Since 1980, nine countries in Central America and the Caribbean have had at least half of their annual gross domestic product (GDP) wiped out by a natural catastrophe. The 2010 earthquake in Haiti had an estimated impact of 120% of GDP.Download
With 65% of the workforce employed in agriculture, millions of people living in sub-Saharan Africa depend on farming not only for food, but also for incomes and livelihoods. Without enough rain to feed the land, the effects can be devastating.Download
Natural catastrophes are increasing in frequency and severity. What is more, the gap between economic and insured losses has remained stubbornly large. The consequences are especially severe in emerging markets, which are both the worst hit and the least prepared.Download
The impact of extreme weather is painful and expensive. This is because the world population and asset concentrations are increasing, especially in the cities of the developing world, many of which lie either on the coast or on major waterways close to it. Bangkok is one case in point. The latest edition in Swiss Re's Risky cities series examines the risks.Download
Istanbul is Turkey‘s powerhouse, generating more than 40% of the country‘s GDP. The 14 million people in its metropolitan area live under the constant threat of severe earthquakes. And the next one could very well be just around the corner.Download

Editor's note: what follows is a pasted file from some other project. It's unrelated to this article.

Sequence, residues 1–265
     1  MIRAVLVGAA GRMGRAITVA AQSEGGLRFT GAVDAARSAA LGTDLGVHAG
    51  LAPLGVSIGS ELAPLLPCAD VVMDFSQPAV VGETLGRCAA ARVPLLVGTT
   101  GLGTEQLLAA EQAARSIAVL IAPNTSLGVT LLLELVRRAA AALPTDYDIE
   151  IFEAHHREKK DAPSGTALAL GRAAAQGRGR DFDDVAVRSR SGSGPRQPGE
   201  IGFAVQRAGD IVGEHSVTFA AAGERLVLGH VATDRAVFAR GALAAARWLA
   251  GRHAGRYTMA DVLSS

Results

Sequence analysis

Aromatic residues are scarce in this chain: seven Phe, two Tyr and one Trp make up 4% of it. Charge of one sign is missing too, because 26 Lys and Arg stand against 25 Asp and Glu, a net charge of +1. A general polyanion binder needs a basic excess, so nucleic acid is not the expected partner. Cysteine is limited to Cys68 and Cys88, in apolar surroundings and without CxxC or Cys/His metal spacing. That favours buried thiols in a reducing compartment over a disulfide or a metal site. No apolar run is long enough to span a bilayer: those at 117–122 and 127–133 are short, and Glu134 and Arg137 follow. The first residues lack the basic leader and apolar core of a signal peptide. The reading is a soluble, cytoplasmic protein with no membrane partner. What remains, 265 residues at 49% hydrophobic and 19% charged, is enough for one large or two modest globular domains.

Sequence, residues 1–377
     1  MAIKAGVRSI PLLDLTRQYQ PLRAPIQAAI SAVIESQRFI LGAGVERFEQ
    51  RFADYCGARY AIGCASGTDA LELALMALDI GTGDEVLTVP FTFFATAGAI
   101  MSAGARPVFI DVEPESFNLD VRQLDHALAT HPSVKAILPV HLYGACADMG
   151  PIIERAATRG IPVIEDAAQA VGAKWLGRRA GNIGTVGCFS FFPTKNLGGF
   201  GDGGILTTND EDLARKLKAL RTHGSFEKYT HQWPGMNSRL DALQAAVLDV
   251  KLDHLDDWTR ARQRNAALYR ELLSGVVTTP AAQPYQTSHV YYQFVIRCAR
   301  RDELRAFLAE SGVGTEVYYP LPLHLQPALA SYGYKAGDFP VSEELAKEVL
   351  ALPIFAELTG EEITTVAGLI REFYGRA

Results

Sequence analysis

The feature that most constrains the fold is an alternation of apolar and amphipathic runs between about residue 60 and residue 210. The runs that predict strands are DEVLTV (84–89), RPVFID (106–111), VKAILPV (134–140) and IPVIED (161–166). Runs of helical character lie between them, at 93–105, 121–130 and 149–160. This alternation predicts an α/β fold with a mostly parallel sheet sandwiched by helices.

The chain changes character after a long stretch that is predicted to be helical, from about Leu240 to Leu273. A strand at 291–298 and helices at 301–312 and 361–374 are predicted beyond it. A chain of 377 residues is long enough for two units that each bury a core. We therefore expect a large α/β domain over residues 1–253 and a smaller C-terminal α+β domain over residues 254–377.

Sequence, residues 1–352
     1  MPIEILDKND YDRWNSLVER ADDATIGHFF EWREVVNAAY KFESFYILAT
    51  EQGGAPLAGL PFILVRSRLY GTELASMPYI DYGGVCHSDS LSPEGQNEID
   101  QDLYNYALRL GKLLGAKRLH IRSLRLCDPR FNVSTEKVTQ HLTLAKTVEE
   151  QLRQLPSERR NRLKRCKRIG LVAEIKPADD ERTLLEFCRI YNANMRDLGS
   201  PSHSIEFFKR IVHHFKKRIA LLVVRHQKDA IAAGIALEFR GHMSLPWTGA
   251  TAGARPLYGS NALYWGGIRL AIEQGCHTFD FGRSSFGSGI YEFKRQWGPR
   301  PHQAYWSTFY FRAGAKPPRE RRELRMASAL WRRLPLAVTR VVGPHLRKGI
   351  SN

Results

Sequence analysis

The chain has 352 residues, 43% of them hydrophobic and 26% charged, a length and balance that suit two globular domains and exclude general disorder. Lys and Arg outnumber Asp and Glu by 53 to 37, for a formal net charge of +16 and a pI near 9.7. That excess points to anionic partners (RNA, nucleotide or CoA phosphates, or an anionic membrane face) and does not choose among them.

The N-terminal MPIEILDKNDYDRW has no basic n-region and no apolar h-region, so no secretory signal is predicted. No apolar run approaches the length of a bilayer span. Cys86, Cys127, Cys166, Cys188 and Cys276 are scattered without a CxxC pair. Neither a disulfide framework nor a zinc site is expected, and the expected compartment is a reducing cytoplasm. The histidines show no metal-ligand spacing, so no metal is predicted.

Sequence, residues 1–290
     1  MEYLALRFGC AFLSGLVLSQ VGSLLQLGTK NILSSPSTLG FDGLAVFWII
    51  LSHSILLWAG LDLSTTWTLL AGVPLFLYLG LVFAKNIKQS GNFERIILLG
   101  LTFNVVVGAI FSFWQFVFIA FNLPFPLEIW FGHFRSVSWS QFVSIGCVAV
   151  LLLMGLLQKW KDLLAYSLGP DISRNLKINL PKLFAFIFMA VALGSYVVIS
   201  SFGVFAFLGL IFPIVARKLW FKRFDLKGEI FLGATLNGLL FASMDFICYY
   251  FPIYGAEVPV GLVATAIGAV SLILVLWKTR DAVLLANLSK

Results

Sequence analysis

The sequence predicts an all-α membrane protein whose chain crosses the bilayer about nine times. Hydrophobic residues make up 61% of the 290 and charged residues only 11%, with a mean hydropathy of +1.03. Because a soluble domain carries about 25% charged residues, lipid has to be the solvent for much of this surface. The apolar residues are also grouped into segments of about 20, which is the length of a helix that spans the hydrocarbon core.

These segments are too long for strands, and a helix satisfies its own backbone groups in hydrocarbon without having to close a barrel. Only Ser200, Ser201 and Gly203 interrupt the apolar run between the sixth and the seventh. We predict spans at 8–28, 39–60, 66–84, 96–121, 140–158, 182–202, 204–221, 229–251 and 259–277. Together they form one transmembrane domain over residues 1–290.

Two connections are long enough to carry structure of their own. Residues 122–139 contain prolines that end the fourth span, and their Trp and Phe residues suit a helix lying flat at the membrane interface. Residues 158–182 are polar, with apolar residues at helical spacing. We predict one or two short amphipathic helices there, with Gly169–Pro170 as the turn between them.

Mexico City, a metropolis of around 21 million people is plagued by regular summer flooding which makes life utterly miserable for the city’s inhabitants, just one recent example being the inundation caused by Tropical Storm Ernesto in 2012. It is also exposed to substantial earthquake risk.
La Ciudad de México es un centro económico de gran actividad muy expuesto tanto al riesgo de sufrir terremotos como desbordamientos de ríos. Mediante los modelos de riesgo de Swiss Re y los datos de peligros pormenorizados disponibles en CatNet, hemos analizado el posible impacto de estos riesgos y otros peligros naturales en el área metropolitana de México.Download